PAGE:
From Booklist

Being free to travel the world and make amazing discoveries may sound like an unattainable dream to some, but Sovich made it happen, leaving the rest of us to read about it in her memoir. After realizing that she was conforming to the stereotypical roles of wife and mother and had yet to travel the world as she once planned, she packs up her bags and begins her life’s journey across Africa. Sovich describes a high-energy trek through Western Sahara and Niger, and the striking scenery isn’t the only aspect that makes her story so vivid. Her accounts of the people she comes across along the way add much dimension to her tale. An intriguing and involving memoir about long-awaited, life-changing travels. --Carissa Chesanek

More About the Author

Nina Sovich was born in suburban Connecticut to a Swedish mother and an American father. Throughout her 20s she traveled in the Middle East, spending time in Pakistan, Egypt and the West Bank. She has reported for the Wall Street Journal and Reuters news service. At present she lives in Paris with her husband and two children. To the Moon and Timbuktu is the story of her trek through West Africa shortly after getting married in 2005. It is her first book.

Customer Reviews

Nina gives really good descriptions and insights of the people she meets there and that is a wonder.
Lynn Ellingwood
Nina Sovich's story reminds us of the struggles and contradictions in our own lives and how we are, or could be, travelers in a world of marvels.
Niki Collins-queen, Author
It isn't often that I read a book purely for pleasure, so when I do it had better hold my interest, and this book did exactly that.
AKN

Most Helpful Customer Reviews

15 of 15 people found the following review helpful By Divascribe VINE VOICE on June 1, 2013
Format: Hardcover Vine Customer Review of Free Product ( What's this? )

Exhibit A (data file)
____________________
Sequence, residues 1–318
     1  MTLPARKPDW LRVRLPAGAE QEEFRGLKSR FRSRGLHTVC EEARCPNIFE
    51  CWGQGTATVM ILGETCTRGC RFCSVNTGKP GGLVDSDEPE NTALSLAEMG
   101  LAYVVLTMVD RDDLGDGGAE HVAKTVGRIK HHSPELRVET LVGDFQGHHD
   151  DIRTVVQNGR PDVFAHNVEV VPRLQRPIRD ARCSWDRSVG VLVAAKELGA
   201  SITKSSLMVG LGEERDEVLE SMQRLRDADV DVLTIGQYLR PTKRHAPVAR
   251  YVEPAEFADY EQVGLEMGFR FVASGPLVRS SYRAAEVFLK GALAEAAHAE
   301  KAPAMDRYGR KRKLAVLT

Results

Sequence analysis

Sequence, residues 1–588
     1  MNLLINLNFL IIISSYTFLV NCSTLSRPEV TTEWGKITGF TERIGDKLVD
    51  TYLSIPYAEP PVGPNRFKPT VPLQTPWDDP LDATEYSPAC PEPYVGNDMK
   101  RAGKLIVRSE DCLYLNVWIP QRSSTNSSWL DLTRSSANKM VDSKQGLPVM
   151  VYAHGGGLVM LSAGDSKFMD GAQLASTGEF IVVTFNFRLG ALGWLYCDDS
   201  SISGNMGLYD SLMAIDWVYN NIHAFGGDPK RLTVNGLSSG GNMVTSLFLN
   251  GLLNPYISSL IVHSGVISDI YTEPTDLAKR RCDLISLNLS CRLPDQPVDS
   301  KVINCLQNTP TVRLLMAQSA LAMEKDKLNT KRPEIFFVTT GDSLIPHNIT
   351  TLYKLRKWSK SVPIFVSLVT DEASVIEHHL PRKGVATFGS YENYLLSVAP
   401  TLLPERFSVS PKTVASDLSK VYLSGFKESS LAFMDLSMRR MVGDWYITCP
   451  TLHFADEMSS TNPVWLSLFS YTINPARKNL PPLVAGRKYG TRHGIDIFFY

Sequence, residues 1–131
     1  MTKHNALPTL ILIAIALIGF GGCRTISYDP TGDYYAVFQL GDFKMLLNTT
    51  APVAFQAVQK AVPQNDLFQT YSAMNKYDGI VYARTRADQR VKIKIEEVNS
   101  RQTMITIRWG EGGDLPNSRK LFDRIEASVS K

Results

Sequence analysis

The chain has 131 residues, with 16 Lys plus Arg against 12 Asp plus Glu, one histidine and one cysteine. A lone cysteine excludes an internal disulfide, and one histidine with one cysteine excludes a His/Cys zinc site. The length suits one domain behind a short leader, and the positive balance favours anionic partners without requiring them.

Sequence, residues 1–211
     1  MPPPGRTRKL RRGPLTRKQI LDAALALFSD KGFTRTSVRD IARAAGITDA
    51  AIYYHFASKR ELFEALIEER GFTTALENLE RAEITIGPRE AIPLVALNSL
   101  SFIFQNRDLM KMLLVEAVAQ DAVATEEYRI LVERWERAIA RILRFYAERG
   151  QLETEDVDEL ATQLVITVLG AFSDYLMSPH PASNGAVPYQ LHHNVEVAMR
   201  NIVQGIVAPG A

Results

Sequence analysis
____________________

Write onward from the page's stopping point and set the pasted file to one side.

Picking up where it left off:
Nina Sovich loves her husband, but her life in Paris leaves her feeling empty and unfulfilled. Her mother had traveled in Africa when Nina was a child, and came back with fascinating stories of the places she had seen. And her father mentioned Timbuktu as a faraway, exotic place that sparked her imagination. So Nina, who has been a reporter and already seen a bit of the world, decides to take off on her own and explore Western Africa with only a few necessities in a backpack. Her ultimate goal is the distant, mysterious city of Timbuktu.

To the Moon and Timbuktu is the story of a journey -- three journeys, in fact, because Nina keeps going back. She does reach Timbuktu, but more importantly, she reaches inside herself to find the person she really is. Her descriptions of the places and people of West Africa are well-crafted -- I felt like I knew some of the characters personally. She sees grinding poverty and describes living conditions that frankly made me shudder -- and admire her dogged determination. She uses various forms of transportation, some not all that safe, to get from one place to the other in the vast West African desert.